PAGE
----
The Impact of Giving
Marc Glassman ’67 has always had a soft spot for animals. As chairman of the board and chief operating officer of Marc’s, an enterprise of discount closeout and grocery stores across northern Ohio, he’s even established a rewards program that sends proceeds from dog and cat treats directly to animal protection charities. All the dogs on the front of the treat packaging are his, including a husky and a goldendoodle. The charities themselves are local rescues, local SCPA groups and local organizations focused on adopting or fostering pets.
“We keep it local on purpose because we want to serve the community and its needs,” Glassman said. “Sometimes store employees will choose a recipient with input from the community.”
His longtime support of Maddie’s ® Shelter Medicine Program at Cornell comes from this love of animals, especially as it aligns with his approach of making a difference locally. Cornell’s program regularly provides consultations to animal shelters and engages in clinical outreach events in collaboration with community partners.
These consultations, both virtual and in-person, often cover topics like preventive medicine protocols, infectious disease management, shelter staff training, outbreak management, shelter facilities and animal welfare issues. The program averages approximately 100 email and phone consultations a year, plus on-site visits. The Cornell College of Veterinary Medicine is one of the few veterinary colleges in the U.S. that offers a such a comprehensive shelter medicine program.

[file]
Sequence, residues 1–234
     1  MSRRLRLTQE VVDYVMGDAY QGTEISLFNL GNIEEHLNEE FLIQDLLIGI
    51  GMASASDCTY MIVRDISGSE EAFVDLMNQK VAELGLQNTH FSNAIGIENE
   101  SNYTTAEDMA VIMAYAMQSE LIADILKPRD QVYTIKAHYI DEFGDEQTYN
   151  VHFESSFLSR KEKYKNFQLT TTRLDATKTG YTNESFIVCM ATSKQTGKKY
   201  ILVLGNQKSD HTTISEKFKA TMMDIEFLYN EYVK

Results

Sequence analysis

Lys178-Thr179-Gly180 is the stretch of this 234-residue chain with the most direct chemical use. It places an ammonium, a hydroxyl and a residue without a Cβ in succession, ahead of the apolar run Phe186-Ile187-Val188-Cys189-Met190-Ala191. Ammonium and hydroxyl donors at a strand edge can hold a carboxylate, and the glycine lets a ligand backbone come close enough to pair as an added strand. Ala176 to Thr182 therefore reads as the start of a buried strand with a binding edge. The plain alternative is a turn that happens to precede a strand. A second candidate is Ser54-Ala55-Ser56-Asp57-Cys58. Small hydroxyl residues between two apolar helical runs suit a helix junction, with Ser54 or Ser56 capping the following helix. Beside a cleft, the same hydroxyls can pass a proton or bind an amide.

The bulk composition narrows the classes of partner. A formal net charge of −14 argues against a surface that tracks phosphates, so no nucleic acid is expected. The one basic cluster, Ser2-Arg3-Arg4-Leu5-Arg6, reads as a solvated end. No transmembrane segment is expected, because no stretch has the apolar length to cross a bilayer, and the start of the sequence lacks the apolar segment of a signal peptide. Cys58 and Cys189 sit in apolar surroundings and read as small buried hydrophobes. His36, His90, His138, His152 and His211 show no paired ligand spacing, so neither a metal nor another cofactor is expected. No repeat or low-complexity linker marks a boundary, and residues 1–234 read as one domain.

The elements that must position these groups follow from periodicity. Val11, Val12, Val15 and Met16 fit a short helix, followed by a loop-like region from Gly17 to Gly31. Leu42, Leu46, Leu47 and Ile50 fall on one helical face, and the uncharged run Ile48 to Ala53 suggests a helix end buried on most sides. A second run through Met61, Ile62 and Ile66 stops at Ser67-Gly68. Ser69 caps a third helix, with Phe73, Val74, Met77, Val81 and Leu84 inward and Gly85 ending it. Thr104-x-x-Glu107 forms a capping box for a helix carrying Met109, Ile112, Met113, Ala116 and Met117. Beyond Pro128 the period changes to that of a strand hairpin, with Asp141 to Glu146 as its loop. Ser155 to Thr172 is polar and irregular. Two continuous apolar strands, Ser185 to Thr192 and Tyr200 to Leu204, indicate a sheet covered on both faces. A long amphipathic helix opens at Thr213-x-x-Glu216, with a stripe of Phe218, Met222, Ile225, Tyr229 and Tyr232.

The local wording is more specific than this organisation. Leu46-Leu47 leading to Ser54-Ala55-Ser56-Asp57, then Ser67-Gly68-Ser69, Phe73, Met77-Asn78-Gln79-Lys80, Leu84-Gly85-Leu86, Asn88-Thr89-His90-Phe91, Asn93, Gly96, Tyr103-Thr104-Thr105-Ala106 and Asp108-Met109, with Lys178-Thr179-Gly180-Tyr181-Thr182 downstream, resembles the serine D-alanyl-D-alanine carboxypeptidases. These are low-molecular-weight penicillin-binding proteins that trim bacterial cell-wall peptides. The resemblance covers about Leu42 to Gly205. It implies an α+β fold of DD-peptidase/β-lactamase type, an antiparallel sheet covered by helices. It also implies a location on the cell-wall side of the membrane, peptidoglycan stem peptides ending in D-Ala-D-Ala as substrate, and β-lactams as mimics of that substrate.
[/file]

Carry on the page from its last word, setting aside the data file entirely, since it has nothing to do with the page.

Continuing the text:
“I’ve been very happy to support the shelter medicine program over the years,” Glassman said. “I believe in the work that they do.”
As an alumnus, Glassman is grateful for his alma mater. “I spent four years at Cornell and have fabulous memories,” he said. “It’s been a big part of my life for decades, including very good friends I made there.” Glassman graduated from the College of Arts and Sciences, but he has supported a number of Cornell schools and programs. As a loyal donor to the shelter medicine program, he likes to give without strings attached.
“I want the experts at Cornell to decide how to spend the money,” he said. “The program knows what they need, and it’s satisfying to see the difference they make in the community.”
Written by Melanie Greaver Cordova